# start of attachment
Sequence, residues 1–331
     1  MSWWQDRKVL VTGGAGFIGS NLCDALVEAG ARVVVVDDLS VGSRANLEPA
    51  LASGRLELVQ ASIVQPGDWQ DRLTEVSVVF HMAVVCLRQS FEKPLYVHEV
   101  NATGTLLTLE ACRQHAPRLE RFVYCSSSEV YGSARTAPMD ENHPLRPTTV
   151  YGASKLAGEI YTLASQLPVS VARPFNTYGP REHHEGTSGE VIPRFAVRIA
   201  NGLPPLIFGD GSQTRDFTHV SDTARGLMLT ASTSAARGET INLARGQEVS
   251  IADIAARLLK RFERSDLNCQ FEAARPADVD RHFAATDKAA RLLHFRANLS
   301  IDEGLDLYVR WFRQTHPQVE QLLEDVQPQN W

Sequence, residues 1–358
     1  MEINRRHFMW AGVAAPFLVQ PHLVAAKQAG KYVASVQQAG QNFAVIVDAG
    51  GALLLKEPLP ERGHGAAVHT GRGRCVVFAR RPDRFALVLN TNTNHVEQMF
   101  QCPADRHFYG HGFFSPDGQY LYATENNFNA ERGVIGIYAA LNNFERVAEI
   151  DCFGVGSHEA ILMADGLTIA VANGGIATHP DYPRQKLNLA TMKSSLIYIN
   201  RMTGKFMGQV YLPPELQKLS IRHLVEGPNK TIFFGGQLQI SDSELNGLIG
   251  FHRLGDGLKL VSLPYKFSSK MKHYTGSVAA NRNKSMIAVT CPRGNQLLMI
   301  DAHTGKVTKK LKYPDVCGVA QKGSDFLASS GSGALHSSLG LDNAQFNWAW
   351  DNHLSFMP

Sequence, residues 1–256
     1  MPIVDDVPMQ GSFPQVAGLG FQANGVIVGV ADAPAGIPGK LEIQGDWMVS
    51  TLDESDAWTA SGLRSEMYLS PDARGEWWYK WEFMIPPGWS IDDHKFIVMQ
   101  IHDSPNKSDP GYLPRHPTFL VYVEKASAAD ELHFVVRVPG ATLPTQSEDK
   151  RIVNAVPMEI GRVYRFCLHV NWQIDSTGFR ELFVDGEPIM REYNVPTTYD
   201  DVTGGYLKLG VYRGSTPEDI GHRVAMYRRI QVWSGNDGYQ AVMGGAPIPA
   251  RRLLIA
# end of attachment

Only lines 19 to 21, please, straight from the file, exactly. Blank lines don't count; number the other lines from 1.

     1  MPIVDDVPMQ GSFPQVAGLG FQANGVIVGV ADAPAGIPGK LEIQGDWMVS
    51  TLDESDAWTA SGLRSEMYLS PDARGEWWYK WEFMIPPGWS IDDHKFIVMQ
   101  IHDSPNKSDP GYLPRHPTFL VYVEKASAAD ELHFVVRVPG ATLPTQSEDK